Thursday, 30 September 2010

Simplified Egyptian: A brief Introduction

I coined the term ‘Simplified Egyptian’ several years ago as a technical approach to making Ancient Egyptian in hieroglyphs more useable in the modern digital world (see HieroglyphsEverywhere.pdf, Bob Richmond, 2006).

The snag in creating an implementation has long been external factors such as the status of web browsers and Word Processors, along with the associated de-facto or formal industry standards. The devil is in the detail and there are many idiosyncrasies in modern technology once one departs from the everyday. A notion like Simplified Egyptian would be no more than a curiosity if it were not widely accessible on personal computers and other digital devices.

One factor in the equation was the need to include Egyptian Hieroglyphs in the Unicode standard (published in Unicode 5.2, October 2009). Implementations of 5.2 are slowly becoming available; for instance Google web search now accepts hieroglyphs although Microsoft Bing and Yahoo search do not yet. Another key factor is support by Internet browsers. Firefox 3.6 looks viable now and I expect the latest versions of other popular browsers to support Egyptian to some degree within the next few months.

As various pieces of the technical puzzle appear to be coming together in the 2011 timeframe I thought it would be useful to summarise now what I see Simplified Egyptian being about. I envisage putting more flesh on the bones in future blog posts on a prototype implementation as leisure time permits (this is an unfunded project at present so time is the enemy).

Simplified Egyptian (SE) works as follows.

1. Define a subset of the Unicode 5.2 list of characters for Egyptian Hieroglyphs, avoiding variants and rarely used (in Middle Egyptian) characters.
2. Define fixed rules for combining hieroglyphs into groups so these rules can be implemented in TrueType/OpenType fonts or alternative rendering methods.
3. Use left to right writing direction.
4. Define data tables and algorithms for text manipulation and sorting.
5. Define ‘normalized forms’ for guidance on ‘correct’ ways of writing and processing Simplified Egyptian.

A more recent notion - Super-Simplified Egyptian (SSE) - takes these principles further by identifying an even more condensed subset of the Hieroglyphic script, a proper subset of SE, with a palette of fewer than 200 hieroglyphs.

There is no question that the SE method is highly anachronistic, SSE extremely so. Nevertheless, there is some utility in the approach.

I am also aware that superficially what I’m proposing suggests a flavour of modernised Egyptian at odds with the requirements of Egyptology for working with an ancient language with script usage that evolved over 3000 years. I will make no apologies for the fact that this is indeed one application and if SE encourages wider understanding of Egyptian albeit at a reduced technical level that is no bad thing in my opinion. Nevertheless, the most interesting aspect from my own interest is the question of how to use such a mechanism to enable improvements for academically sound publication and study of ancient texts in the context of 3000 years of language/script evolution. A non-trivial topic I shall not touch on further today.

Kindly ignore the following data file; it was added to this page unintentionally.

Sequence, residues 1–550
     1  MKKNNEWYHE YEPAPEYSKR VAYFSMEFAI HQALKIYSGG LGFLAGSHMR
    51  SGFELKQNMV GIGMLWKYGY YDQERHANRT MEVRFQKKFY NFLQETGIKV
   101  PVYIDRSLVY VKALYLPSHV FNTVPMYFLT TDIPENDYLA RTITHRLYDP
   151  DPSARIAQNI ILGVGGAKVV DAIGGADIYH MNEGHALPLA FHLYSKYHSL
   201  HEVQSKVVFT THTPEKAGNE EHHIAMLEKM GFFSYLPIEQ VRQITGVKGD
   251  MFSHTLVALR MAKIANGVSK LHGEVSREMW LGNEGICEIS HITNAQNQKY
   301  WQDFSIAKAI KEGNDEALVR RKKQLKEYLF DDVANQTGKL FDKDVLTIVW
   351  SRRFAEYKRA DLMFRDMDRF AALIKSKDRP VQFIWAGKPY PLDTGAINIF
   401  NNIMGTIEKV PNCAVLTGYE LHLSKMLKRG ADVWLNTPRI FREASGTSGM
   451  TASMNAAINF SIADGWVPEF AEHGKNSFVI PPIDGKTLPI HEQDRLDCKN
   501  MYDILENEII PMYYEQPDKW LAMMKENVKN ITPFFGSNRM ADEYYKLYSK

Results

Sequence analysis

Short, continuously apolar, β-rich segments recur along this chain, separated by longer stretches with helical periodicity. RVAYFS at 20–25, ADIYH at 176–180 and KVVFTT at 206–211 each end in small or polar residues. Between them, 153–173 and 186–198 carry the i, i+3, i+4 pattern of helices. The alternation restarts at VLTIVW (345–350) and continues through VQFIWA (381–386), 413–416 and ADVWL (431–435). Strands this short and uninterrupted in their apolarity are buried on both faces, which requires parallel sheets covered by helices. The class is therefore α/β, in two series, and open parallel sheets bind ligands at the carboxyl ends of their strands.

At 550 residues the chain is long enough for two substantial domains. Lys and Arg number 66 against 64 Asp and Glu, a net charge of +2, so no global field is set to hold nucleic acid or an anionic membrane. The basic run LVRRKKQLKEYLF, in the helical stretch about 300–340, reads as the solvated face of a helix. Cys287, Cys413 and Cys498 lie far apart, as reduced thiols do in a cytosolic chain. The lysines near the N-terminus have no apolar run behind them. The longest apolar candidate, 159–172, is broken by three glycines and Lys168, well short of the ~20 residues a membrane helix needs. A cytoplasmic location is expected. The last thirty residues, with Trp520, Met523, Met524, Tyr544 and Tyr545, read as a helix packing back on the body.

My plan is to make available some small working examples of Simplified Egyptian on a series of web pages during the next few weeks. These examples use a WOFF (Web Open Font Format) font derived from my InScribe font. The reasons for doing this now are twofold.

1. A new generation of Internet Browsers pays greater attention to industry standards and should be capable of supporting Simplified Egyptian. Firefox 4 and Internet Explorer 9 are in Beta at the moment and I want to make the samples available for browser testing in case there is a need to shake out any browser bugs.

2. InScribe 3 for Windows will not use Simplified Egyptian. Originally it was my intention that SE would be a feature but it turned out to introduce too many complications in modes of use. Nevertheless, InScribe 3 retains some ‘SE-friendly’ characteristics and I want to be able to test these for real on the Web as I complete work on the software.

The samples will not work for users of older browser technology (right now this is a high ninety something per cent of internet capable devices). My short term concern is only that an elegant and simple to use implementation works as and when devices gain adequate support for internet standards.

That is not to say that workarounds can’t be contrived for devices whose manufacturers or users are not able or prepared to adapt to the new standards-based internet landscape. I'm happy to hear of any proposals.

Right now, this means use Firefox 3.6 or later to view samples as intended. I’m also tracking Chrome, Internet Explorer 9 Beta and Safari releases.

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